Competition between Gizzard Shad and Sportfish

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MATERIALS AND METHODS

Study Area

Claytor Lake is a mainstream hydroelectric impoundment of the New River in Pulaski County, Virginia (Figure 1). Created by the Appalachian Power Company in 1939, Claytor Lake drains a 3862-km2 watershed, is 21.7 km long, and has a surface area of 1820 ha at a standard pool elevation of 663 m above mean sea level (Roseberry 1950). Maximum depth is 37.5 m, with a mean depth of 15 m (Kohler et al. 1986). Claytor Lake is distinctly riverine in morphometry, with a mean width of only 451 m and a retention time of approximately 33-63 days (Nigro 1980; DiCenzo 1996). The littoral habitat (< 5 m depth) along approximately 163 km of shoreline in Claytor Lake can be characterized as extremely narrow, rocky, and subject to continual wave action (Kelso 1983). Most littoral habitat suitable for shore-oriented species is found only in shallow coves and along the shoreline extending approximately 12 km upstream from the dam as well as in Peak Creek, Claytor Lake’s main tributary (Kelso 1983). An annual water level fluctuation of 1.6 m limits the establishment of rooted aquatic vegetation. Claytor Lake is dimictic (Nigro 1980), and the hypolimnion (> 5 m depth) frequently becomes anoxic during the summer (Boaze 1972). Claytor Lake averaged a total phosphorus concentration of 29.8 ppb, chlorophyll A concentration of 5.4 ppb, and secchi depth of 1.5 m from 1996 to 1998 (Thomas and Johnson 1998). Based on these values, the lake can be characterized as mesotrophic to moderately eutrophic (Carlson 1977; Hart 1981; Reckhow and Chapra 1983).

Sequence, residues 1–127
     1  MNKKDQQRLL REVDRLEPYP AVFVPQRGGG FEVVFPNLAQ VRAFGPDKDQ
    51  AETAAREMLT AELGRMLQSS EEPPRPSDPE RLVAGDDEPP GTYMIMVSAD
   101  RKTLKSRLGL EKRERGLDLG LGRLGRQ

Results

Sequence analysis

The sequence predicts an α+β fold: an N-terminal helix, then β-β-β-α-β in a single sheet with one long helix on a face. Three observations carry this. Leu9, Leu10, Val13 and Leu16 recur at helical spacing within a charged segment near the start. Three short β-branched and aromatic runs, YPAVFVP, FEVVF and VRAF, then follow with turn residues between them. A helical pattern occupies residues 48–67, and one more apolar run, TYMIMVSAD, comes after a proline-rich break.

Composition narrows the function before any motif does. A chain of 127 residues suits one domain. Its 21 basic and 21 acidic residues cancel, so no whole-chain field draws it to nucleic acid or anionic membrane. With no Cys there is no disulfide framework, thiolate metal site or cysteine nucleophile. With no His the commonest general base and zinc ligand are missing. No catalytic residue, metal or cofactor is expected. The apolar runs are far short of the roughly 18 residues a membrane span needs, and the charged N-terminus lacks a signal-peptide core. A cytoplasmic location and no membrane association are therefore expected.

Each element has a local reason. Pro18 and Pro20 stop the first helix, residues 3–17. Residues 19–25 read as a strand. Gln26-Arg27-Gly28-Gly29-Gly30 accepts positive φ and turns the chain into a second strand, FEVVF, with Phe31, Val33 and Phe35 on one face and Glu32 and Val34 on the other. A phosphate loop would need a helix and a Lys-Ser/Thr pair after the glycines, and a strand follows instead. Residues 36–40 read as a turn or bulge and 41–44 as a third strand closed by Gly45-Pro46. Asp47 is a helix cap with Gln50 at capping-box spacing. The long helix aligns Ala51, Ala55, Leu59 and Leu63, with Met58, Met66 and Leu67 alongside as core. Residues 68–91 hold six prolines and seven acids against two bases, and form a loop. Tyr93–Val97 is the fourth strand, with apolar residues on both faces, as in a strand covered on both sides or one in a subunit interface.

At least 14 fish species and two interspecific hybrids have been intentionally stocked in Claytor Lake since its formation in 1939, representing one of the primary management activities in this lake (Kohler et al. 1986). Certain species, such as threadfin shad, rainbow trout Oncorhynchus mykiss, and brown trout Salmo trutta, have failed to become established due to habitat limitations. Others, such as muskellunge Esox masquinongy, northern pike E. lucius, and tiger musky E. lucius X E. masquinongy, have failed due to minimal recruitment to the fishery. However, Claytor Lake now supports a diverse fishery of both native and introduced species. Popular sportfish species include largemouth bass, smallmouth bass Micropterus dolomieu, spotted bass M. punctulatus, white bass Morone chrysops, Lepomis spp., black and white crappie Pomoxis spp., channel catfish Ictalurus punctatus, flathead catfish Pylodictis olivaris, and walleye Stizostedion vitreum, which all reproduce naturally in the lake. Alewife and the recently introduced gizzard shad provide the major forage-fish base. In addition, annual stockings of fingerling striped bass Morone saxatilis and hybrid striped bass M. chrysops X M. saxatilis support a pelagic fishery in Claytor Lake